I am glad we have the new Navy. I also am glad I was in the old one. I should add that pretty much applies to life in general.

Wednesday, July 21, 2010

Hot and Cold Weather Comparisons

SAN DIEGO – Out here in the Southwest corner, it is a bit different than home.
While most of the United States is being seared by record heat, we out here are waiting for real summer to arrive.

It is, in fact, too cool.

Last weekend while folks back home were sweltering, I wore a wind jacket to play midday golf.

For those mired in the heat, these highs in the 60s might seem lovely. But folks in the Southwest corner are wondering why “June Gloom” still looms in July.
San Diego is a beach goer’s haven. Coronado Beach was recently ranked the country’s third best beach by Professor Dr Stephen Leatherman, director of the Florida International University International Hurricane Center (no, I don’t know why a hurricane center rates beaches).

Three golf holes at Naval Air Station, North Island where I often play abut Coronado’s beach. It is a lovely beach with the Victorian Hotel del Coronado to the south and the Gibralteresque Point Loma to the north.

In recent weeks, beachgoers have been sparser than usual. A July 4th photo in the “Union-Tribune” depicted beach goers wrapped in towels and blankets, rather than lying on them.

So we continue to wait for our version of summer in the low 80’s to show. Waiting for the warmth, I remember times I was really cold.

San Francisco in July

Only a few times have I been as cold as in San Francisco in July. In 1976, “U.S.S. Anchorage” made a port call at moored at pier 36, south of city center. A shipmate and I took liberty to play golf at Harding Park, the site of the 2009 President’s Cup competition. In 1976, it was an inexpensive public course, certainly not ready for a PGA tournament.

It was July so we wore shorts and polo shirts. By the second hole, we wished we had worn parkas. Winds whipping off the Pacific and Lake Merced cut us to the quick. Being golfers, i.e. not having a great deal of sense, we played the entire 18 teeth chattering holes.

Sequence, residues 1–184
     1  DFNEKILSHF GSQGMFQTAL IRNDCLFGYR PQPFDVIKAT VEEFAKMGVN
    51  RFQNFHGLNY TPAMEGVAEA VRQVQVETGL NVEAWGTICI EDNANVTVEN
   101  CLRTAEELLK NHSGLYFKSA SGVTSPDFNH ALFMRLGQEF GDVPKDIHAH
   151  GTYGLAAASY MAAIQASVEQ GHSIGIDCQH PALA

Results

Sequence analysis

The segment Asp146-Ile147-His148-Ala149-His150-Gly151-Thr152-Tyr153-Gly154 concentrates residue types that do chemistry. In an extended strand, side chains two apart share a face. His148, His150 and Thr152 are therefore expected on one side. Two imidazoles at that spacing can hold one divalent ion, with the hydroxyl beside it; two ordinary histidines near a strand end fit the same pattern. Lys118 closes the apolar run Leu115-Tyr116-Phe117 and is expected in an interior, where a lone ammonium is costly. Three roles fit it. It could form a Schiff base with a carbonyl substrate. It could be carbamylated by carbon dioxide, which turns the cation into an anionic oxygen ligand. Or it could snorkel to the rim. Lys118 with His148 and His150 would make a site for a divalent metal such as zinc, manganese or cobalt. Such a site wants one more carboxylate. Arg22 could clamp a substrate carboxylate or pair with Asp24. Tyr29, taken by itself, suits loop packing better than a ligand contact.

Pusan, Korea in February

Another bone chilling experience was standing in to harbor in Pusan, Korea in February 1970. I had just become executive officer of the Navy unit aboard the “U.S.N.S. Geiger (TAP 197). The troop transport took replacement Korean troops to Vietnam and brought home the troops they relieved. With a Korean liaison officer, I was in charge of controlling the troops, anxious to get home and consequently too daring, sometimes unsafe or dangerous.

Unlike San Francisco later, I had on heavy weather gear. It did no good. The winds off of the Korea Strait cut through me like a knife. My face felt like it had frozen to a red, chafed ice block. The cold did not deter the returning troops. It was my first and last time to enter Pusan (now Busan) harbor in February. I am warmed by the thought.

Even though Watertown, NY, where I was sports editor of the “Watertown Daily Times” in 1971-72, was much colder than any other place I’ve lived, I did not consider it cold. Perhaps it was because I became used to it, or we dressed appropriately, or I don’t remember very well. But I do remember wanting spring to come in late March and it occurred for two days in mid-June.

J.J.. Arnold’s Watering Trough

But the coldest I have ever been was off Franklin Road in the late 1950’s. J.J. Arnold drove his grandson, Henry Harding, and I to the Arnold farm and dropped us off in the February cold to hunt.

When we tired of our sport, we waited outside the barn for Mr. Arnold to pick us up. Next to the barn was a watering bin for the cows. It was a round metal bin about six feet in diameter and about four feet high. It was iced over.

The story varies here depending on whether it is Henry or I recollecting, but my version has Henry convincing me I should test the ice. I climbed up and gingerly put one foot on the ice, then shifted my weight to stand on the ice. The ice broke and my leg plunged about two feet into the ice water below.

Mr. Arnold did not arrive for another hour. That hour is the coldest I’ve ever been.

So remember: hot summers aren’t all that bad.

Monday, July 12, 2010

ride to work

Changes to this web site and my pursuits continue.
Please let me know what you think of the site with an email to Today after catching up on posting my column, "Notes from the Southwest Corner" in The Lebanon Democrat, i have again begun posting other writings such as the poem below. Thanks for dropping in.

i rode into work this morning reluctantly.

The rain was intermittent.

Strings of thought tugged me back toward home
but fruitlessly.

When i emerged from the truck in the parking lot,
there was a break in the rain, and
the wind was warm.

i thought of running in the rain alone,

i thought of daughter and i walking in the rain, then
i thought of walking in the zoo in the rain:
people sparse,
animals staring back with no more care for the rain
than we,

i thought of the two daughters walking with me
in the rain at the zoo with no one around
but us and
the chimpanzees, elephants, bats and
tigers and bears.

They were good thought to have
as i trudged
once again
up the four flights of stairs
to my office
full of things to do.

San Diego, California
February 22, 2004

Saturday, July 10, 2010

Operation Stand Down: feel good connections

Recently, i entered an explanation of why this site and my current status is bringing changes along with what is a radical poem for me. Primarily because of Walker Hicks, all of my site is back up and accessible after the site was hacked about six weeks ago.

Operation Stand Down: feel good connections